The Boiling Point

At AIPAC conference, Netanyahu was ‘like a friend’

Shalhevet sends 22 to annual conference; in-person speech from Israeli prime minister was highlight.

CROWD%3A+18%2C000+people+filled+the+Walter+E.+Washington+Convention+Center+in+Washington+DC+on+March+5+to+hear+from+Israeli+Prime+Minister+Benjamin+Netanyahu.
CROWD: 18,000 people filled the Walter E. Washington Convention Center in Washington DC on March 5 to hear from Israeli Prime Minister Benjamin Netanyahu.

CROWD: 18,000 people filled the Walter E. Washington Convention Center in Washington DC on March 5 to hear from Israeli Prime Minister Benjamin Netanyahu.

Gilad Spitzer

Gilad Spitzer

CROWD: 18,000 people filled the Walter E. Washington Convention Center in Washington DC on March 5 to hear from Israeli Prime Minister Benjamin Netanyahu.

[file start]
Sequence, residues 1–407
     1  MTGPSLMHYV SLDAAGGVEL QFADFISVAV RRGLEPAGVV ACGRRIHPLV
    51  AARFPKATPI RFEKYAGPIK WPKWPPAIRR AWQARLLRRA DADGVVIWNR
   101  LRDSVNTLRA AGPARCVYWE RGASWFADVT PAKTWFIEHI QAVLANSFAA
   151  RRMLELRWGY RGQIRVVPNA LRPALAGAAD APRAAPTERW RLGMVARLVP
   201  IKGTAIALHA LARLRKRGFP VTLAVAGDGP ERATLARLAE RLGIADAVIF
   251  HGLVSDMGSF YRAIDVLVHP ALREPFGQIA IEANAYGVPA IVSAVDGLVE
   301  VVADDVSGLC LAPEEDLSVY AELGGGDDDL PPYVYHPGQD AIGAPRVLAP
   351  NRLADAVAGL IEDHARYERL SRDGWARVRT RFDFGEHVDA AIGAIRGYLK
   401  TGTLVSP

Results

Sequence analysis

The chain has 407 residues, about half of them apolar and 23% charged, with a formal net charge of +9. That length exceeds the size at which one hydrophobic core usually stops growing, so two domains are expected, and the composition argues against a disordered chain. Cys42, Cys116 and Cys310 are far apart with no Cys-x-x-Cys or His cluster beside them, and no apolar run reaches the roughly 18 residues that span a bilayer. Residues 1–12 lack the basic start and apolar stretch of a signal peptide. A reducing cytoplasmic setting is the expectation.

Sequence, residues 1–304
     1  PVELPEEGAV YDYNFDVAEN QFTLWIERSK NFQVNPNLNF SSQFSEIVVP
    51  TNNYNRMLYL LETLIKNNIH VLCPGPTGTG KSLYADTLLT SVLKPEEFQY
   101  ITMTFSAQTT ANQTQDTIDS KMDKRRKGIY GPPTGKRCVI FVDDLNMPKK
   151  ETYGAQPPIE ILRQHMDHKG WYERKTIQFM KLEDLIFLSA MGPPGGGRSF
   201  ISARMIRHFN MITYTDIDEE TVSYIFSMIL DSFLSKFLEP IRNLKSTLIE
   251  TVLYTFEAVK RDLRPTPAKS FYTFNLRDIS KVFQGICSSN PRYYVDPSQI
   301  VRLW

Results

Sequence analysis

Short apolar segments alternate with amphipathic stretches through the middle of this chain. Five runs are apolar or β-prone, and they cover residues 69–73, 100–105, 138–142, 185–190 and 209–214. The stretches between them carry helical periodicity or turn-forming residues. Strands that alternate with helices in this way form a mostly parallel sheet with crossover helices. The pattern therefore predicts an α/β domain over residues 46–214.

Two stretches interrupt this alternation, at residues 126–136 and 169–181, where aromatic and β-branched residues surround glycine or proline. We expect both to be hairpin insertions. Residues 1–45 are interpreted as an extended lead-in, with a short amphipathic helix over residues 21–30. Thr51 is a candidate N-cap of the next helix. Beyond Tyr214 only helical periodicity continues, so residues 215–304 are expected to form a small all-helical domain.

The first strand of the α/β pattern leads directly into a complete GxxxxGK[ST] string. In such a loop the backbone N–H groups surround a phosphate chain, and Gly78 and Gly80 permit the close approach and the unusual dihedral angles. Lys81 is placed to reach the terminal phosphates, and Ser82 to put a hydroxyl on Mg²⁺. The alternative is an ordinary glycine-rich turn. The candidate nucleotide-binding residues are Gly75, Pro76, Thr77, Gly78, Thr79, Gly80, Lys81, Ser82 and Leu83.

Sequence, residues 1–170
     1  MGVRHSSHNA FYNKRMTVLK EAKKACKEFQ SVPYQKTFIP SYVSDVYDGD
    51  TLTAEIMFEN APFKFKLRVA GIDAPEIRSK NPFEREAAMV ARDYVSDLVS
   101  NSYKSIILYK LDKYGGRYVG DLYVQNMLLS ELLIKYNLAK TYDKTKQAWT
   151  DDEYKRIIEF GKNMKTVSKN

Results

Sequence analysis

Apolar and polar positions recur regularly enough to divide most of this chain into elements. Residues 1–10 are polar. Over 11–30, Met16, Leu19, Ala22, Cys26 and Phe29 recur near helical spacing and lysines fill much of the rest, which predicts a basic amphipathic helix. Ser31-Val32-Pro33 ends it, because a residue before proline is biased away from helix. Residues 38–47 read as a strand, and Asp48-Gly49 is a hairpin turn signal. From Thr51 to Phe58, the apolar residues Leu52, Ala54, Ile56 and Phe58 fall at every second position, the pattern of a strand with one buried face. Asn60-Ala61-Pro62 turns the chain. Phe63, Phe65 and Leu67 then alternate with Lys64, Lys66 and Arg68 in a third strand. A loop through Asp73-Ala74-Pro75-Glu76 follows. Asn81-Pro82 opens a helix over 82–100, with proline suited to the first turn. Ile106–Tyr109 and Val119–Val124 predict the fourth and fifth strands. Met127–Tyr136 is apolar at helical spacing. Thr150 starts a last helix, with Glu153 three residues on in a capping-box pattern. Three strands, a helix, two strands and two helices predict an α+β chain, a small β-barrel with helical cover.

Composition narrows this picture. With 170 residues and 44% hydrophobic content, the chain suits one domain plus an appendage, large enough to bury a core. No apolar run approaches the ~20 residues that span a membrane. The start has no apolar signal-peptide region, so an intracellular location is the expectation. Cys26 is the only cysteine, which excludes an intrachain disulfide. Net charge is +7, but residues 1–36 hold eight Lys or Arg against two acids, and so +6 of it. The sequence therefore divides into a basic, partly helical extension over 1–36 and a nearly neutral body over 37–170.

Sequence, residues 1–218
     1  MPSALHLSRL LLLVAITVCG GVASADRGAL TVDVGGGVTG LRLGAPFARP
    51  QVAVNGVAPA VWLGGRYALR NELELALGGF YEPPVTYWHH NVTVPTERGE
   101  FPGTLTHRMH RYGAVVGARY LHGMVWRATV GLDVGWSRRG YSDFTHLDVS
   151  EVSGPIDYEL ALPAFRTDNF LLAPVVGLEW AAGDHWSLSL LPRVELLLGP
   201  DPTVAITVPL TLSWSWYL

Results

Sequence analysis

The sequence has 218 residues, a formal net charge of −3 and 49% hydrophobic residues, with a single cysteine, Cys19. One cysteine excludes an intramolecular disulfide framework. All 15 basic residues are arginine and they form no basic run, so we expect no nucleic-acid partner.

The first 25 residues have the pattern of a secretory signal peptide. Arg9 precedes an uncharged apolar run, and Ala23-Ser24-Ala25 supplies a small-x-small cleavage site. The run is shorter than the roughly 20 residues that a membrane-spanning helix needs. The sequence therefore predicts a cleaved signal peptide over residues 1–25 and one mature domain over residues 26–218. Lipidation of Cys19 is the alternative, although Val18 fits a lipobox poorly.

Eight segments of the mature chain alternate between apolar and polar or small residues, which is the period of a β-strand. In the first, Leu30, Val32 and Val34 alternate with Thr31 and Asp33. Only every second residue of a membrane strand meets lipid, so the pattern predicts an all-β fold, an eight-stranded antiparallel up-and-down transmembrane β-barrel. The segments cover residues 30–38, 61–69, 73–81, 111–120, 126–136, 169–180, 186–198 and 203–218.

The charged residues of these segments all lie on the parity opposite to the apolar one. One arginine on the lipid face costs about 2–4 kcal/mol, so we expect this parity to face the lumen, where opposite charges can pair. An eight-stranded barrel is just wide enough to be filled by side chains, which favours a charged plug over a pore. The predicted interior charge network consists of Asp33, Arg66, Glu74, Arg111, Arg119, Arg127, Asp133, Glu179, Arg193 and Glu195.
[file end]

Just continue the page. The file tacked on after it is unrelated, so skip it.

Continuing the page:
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For Shalhevet’s delegates to this year’s AIPAC Policy Conference in Washington, D.C., an appearance by Israeli Prime Minister Binyamin Netanyahu was doubly special.

Whereas last year he merely appeared on video, this year Netanyahu came in person. And in person, the Shalhevet students found him engaging and inspiring.

“You remember people talked about Israel’s isolation?” the prime minister asked in his March 6 address to at the conference, which was held in Washington’s Walter E. Washington Convention Center. “You remember that? Israel’s isolation?

“Pretty soon, the countries that don’t have relations with us, they’re going to be isolated,” he continued. “There are those who talk about boycotting Israel? We’ll boycott them.”

ISRAEL: Shalhevet students pose with Congressman Brad Schneider (D-IL) at the AIPAC Policy Conference on March 4 after he spoke to them about his journey in politics and efforts to support pro-Israel legislation in the House.

Multiple students described Netanyahu’s speech as the highlight of the trip.

“He was very enthusiastic and intriguing,” said freshman Jordan Simon. “He got me interested in what he was saying and how advanced Israel was with technology and innovation.”